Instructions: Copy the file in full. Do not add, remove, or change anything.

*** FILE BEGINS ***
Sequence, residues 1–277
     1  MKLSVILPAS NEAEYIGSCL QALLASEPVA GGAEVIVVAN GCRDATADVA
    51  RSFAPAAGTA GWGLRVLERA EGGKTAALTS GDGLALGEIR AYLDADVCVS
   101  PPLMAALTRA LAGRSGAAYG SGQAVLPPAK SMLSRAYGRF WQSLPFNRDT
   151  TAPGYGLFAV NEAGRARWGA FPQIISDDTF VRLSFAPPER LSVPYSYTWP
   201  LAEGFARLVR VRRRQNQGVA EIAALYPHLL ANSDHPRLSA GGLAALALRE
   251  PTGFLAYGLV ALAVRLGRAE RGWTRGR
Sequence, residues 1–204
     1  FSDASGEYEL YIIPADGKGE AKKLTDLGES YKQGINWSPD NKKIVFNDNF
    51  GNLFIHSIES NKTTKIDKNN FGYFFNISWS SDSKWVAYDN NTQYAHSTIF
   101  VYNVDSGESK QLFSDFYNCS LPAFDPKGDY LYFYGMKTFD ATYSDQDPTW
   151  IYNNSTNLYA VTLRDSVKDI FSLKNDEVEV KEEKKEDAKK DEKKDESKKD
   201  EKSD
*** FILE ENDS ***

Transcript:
Sequence, residues 1–277
     1  MKLSVILPAS NEAEYIGSCL QALLASEPVA GGAEVIVVAN GCRDATADVA
    51  RSFAPAAGTA GWGLRVLERA EGGKTAALTS GDGLALGEIR AYLDADVCVS
   101  PPLMAALTRA LAGRSGAAYG SGQAVLPPAK SMLSRAYGRF WQSLPFNRDT
   151  TAPGYGLFAV NEAGRARWGA FPQIISDDTF VRLSFAPPER LSVPYSYTWP
   201  LAEGFARLVR VRRRQNQGVA EIAALYPHLL ANSDHPRLSA GGLAALALRE
   251  PTGFLAYGLV ALAVRLGRAE RGWTRGR
Sequence, residues 1–204
     1  FSDASGEYEL YIIPADGKGE AKKLTDLGES YKQGINWSPD NKKIVFNDNF
    51  GNLFIHSIES NKTTKIDKNN FGYFFNISWS SDSKWVAYDN NTQYAHSTIF
   101  VYNVDSGESK QLFSDFYNCS LPAFDPKGDY LYFYGMKTFD ATYSDQDPTW
   151  IYNNSTNLYA VTLRDSVKDI FSLKNDEVEV KEEKKEDAKK DEKKDESKKD
   201  EKSD